Nonunion worker’s pay complaint is protected activity under NLRA — Business Management Daily: Free Reports on Human Resources, Employment Law, Office Management, Office Communication, Office Technology and Small Business Tax Business Management Daily
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Nonunion worker’s pay complaint is protected activity under NLRA

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in Employment Law,Firing,HR Management,Human Resources

A new court ruling offers more reason to remind your supervisors to discipline employees based on objective work-based standards. Never punish employees for discussing compensation or job conditions with their co-workers, and avoid labeling them with lawsuit-triggering phrases such as "troublemaker" and "not a team player."

Even in nonunion workplaces, the National Labor Relations Act (NLRA) makes it illegal to punish workers for complaining about pay or working conditions. That's because the law gives all workers the right to engage in "concerted activities ... for the purpose of mutual aid and protection." That's not limited to union-organizing efforts. It can simply involve two employees comparing their paychecks.

Recent case: Soon after Christopher Hayward began complaining about the way he and other consultants were paid, he was fired. His nonunion employer said the firing was because Hayward was a "troublemaker" and not a team player. Still, Hayward filed a National Labor Relations Board (NLRB) complaint, saying the real reason was his "protected" wage complaints.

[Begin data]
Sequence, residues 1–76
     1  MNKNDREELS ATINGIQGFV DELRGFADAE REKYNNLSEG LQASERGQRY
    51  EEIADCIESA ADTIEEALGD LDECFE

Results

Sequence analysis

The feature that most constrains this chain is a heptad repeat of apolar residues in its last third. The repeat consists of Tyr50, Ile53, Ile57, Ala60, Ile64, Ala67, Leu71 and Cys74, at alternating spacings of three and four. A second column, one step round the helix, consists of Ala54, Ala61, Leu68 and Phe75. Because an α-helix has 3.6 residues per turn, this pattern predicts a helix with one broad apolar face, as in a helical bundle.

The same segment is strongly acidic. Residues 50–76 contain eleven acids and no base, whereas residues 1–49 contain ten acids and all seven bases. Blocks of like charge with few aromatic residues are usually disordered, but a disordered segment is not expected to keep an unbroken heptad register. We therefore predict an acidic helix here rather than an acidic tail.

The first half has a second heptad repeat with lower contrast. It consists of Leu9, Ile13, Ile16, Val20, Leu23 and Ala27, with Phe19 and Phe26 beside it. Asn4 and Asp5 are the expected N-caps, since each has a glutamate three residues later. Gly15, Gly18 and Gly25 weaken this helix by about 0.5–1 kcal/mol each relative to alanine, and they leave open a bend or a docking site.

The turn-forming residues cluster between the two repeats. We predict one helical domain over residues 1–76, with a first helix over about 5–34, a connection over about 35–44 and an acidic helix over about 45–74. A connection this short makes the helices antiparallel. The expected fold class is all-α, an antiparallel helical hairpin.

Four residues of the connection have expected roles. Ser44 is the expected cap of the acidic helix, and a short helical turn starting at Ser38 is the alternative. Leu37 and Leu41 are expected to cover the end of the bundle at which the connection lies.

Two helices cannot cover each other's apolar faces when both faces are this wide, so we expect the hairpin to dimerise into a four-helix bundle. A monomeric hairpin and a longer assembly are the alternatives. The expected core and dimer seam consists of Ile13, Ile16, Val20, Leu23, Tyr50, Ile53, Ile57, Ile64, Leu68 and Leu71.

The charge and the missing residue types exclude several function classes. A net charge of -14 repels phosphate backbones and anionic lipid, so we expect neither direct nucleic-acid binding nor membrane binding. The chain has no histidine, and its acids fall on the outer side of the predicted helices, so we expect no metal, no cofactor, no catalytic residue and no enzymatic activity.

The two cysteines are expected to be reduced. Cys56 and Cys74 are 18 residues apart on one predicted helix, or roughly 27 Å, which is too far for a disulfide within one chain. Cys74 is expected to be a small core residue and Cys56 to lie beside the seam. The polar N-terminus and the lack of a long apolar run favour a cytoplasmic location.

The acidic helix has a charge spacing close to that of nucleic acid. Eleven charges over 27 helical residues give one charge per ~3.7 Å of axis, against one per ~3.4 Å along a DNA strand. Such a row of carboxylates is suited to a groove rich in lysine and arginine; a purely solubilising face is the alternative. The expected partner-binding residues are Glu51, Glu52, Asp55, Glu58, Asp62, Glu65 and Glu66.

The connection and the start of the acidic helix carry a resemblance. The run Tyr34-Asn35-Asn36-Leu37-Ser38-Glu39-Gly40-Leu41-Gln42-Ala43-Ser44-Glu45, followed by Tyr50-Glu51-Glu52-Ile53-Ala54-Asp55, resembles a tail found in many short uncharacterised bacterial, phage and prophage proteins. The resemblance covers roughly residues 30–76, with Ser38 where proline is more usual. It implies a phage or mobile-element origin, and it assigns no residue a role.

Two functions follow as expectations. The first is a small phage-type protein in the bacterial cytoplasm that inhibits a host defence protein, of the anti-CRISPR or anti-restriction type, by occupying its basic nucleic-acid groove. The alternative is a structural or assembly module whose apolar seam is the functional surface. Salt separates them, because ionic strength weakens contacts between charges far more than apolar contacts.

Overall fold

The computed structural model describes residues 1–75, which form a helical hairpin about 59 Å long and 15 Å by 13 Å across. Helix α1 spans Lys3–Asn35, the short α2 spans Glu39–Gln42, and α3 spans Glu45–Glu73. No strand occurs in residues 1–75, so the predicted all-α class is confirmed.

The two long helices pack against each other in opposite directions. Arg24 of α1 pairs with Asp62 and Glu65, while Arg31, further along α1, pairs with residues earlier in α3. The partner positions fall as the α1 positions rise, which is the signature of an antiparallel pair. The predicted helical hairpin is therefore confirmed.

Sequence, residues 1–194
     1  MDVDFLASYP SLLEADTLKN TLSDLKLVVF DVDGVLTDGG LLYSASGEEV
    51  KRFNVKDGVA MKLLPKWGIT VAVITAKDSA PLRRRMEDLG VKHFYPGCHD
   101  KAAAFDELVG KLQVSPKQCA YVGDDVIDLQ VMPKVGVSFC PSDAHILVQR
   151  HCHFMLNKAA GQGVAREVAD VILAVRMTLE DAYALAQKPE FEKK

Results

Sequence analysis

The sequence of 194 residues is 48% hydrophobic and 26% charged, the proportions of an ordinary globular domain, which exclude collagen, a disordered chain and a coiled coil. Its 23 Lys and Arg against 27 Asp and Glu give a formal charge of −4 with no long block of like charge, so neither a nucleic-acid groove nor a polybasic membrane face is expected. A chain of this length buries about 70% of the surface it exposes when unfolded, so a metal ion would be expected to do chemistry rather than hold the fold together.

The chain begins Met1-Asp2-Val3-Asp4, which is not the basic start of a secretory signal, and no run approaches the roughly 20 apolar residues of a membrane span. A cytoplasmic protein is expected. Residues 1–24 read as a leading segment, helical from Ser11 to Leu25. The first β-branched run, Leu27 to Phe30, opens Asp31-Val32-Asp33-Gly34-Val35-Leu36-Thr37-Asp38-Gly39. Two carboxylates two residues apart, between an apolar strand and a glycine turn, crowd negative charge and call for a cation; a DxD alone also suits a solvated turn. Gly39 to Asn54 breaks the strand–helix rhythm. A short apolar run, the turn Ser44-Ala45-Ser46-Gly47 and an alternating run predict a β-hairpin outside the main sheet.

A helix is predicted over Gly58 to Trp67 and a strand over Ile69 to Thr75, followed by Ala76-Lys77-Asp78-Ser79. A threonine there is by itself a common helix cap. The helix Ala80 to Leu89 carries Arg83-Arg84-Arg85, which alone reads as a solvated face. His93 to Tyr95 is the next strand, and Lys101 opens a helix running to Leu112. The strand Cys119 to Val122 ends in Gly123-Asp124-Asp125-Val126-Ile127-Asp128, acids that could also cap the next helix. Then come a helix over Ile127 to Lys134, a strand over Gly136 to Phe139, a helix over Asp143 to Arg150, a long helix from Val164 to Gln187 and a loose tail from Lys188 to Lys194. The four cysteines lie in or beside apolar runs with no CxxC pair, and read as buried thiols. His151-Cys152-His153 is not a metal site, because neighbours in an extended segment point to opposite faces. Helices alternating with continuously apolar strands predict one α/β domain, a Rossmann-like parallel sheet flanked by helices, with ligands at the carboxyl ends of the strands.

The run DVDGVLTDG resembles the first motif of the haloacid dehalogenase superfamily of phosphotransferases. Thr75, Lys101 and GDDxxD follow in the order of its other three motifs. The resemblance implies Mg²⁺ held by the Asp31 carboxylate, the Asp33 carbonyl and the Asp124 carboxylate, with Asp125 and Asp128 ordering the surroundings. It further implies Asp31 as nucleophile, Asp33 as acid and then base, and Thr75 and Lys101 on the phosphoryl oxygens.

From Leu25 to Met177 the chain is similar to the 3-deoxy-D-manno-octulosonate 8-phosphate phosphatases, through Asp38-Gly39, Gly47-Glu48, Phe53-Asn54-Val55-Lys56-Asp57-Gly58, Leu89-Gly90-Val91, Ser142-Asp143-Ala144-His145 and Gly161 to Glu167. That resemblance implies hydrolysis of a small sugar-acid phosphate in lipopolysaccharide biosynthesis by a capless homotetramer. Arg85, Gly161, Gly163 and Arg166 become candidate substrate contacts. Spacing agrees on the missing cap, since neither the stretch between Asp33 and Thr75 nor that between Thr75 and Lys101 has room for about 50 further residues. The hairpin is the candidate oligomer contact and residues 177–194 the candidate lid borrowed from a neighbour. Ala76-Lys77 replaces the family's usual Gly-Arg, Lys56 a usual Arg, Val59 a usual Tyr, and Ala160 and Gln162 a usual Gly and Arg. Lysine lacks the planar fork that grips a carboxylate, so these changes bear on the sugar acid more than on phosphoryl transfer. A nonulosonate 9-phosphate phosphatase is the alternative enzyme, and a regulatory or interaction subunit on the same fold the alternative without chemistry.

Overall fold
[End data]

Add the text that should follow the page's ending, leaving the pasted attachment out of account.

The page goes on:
The NLRB sided with him and ordered his reinstatement. The company appealed, but a court concluded the company fired Hayward for his protected "concerted activities." (Citizens Investment Services Corporation v. NLRB, No. 04-1317, CD Ct. Appeals 2005)

Outlook: If this decision stands, look for more employees to file NLRB complaints when they don't otherwise fall into a traditional protected class based on sex, age, race, disability, religion or national origin. While NLRB cases typically deal with blue-collar workers, this case shows how more white-collar workers may see the NLRB as a natural ally for employees who have no other obvious way to sue.

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